Jillian Michaels IS The Biggest Loser

(Note: Feb. 2014) This week's finale of The Biggest Loser illustrates how the show may inadvertently reinforce the wrong behaviors. The desired result is to the lose the most weight but how the contestants reach that goal could be from engaging in unhealthy or unsustainable behaviors. 

The new season of biggest loser has kicked off and I was quickly reminded of the fact that Jillian Michaels is the biggest loser of all. Jillian seemed shocked when one of her protégés, Nikki, walked out on the first show of the new season of The Biggest Loser. I would have walked out much earlier. For transparency’s sake let me reveal two things. One, I have never liked Jillian. Two, I would love to attend one of the Biggest Loser Camps, not for the weight loss but to see how much I can push myself to do and to get started on a routine. That said, I suspect that the reason Jillian is back on the show is not for her trainer skills but for her abusive mouth. If you count the number of camera shots of her yelling at her team members, shots of her team members crying and shots of other team members trying to console the ones abused, you can understand the appeal she has for the show’s producers. While it may be good TV, it is not a good example of how to coach anyone for anything! I cannot say that I was displeased when Nikki left before the end of the first week and when Jillian’s team lost the weigh-in. I think she is a terrible trainer. She seems to justify an abusive coaching style by a “It’s for your own good” philosophy. Oh, I know that some team members say that she is what they needed. I have said something similar about my time in the Army in Korea—I’m glad I had the experience, but I would not wish it on anyone.

The show offers a contrast between two styles of coaching: Jillian, the stereotypical Marine drill sergeant on the one end, Dolvett Quince on the other and Bob Harper somewhere in between but more toward Dolvett’s style. I would love for Dolvett and Bob to use goals to measure progress, paired with lots of social reinforcement so as to make the contrast even clearer and more effective. There are several reasons contestants put up with Jillian at all. One is that they are in the show and to stay you have to lose weight. The second is the negative consequences of quitting. There are other consequences that keep the contestants with Jillian that have nothing to do with Jillian’s methods. Jillian said when Nikki left that you can’t help someone who doesn’t want to change (all of a sudden she’s a psychologist). While that is not true, these people have indicated by being on the show that they want to change. Neither of the other coaches had anyone who made any statements about wanting to leave. While some were worried that they might not be above the red line, the criterion for staying another week, they clearly wanted to stay. To criticize the contestants for failure to push themselves seems to me to be ridiculous since, by their weight problem, they have shown that they have been unable to stick to a plan for long. Their desire to be on the show is an indication that they know they need help – not a critic. If Jillian did know anything about the psychology of motivation, she would realize that she could increase the desire to change by reinforcing even the smallest improvement in exercise level, duration and other accomplishments during the workouts.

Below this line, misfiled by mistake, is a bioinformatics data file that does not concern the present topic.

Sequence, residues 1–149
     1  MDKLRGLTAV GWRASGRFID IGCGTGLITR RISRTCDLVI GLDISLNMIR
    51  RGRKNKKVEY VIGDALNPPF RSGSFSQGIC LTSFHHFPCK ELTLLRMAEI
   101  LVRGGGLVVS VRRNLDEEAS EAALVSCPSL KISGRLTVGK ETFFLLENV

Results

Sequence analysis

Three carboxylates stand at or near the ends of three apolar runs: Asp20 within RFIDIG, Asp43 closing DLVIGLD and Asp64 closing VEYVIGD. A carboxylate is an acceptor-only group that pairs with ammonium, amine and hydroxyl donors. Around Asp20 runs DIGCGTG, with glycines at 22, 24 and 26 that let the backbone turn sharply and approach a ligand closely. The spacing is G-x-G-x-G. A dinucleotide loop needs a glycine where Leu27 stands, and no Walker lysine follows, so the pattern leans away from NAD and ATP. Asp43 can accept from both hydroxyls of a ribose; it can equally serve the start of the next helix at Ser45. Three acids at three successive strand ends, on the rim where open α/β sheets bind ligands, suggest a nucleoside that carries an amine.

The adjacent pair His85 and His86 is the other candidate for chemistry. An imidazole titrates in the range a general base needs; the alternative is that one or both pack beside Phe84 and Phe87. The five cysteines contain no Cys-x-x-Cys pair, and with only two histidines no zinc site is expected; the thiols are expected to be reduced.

The beginning level of motivation is not a barrier to ultimate success if you have a trainer who knows about the science of behavior change. Negative reinforcement, avoiding failure and Jillian’s mouth, gets you enough change to avoid those two outcomes but it doesn’t cause contestants to do their best. It doesn’t cause you to spend extra time in the gym or eat less at the dinner table. The shaping approach of the other coaches, recognizing small improvement, is a much more effective approach to change. I certainly hope that any supervisors and managers watching this show don’t get the idea that Jillian’s approach is even close to one that can be successful in today’s workplace. It will never bring out the best in people in any situation and even though it has a certain audience appeal, it is not a model for the effective management of change. I predict that either Jillian gets less abusive and more positive or she loses—not a bad outcome for any who are tempted to copy her methods.

Posted by Aubrey Daniels, Ph.D.

Aubrey is a thought leader and expert on management, leadership, safety and workplace issues. For the past 40 years, he has been dedicated to helping people and organizations apply the laws of human behavior to optimize performance.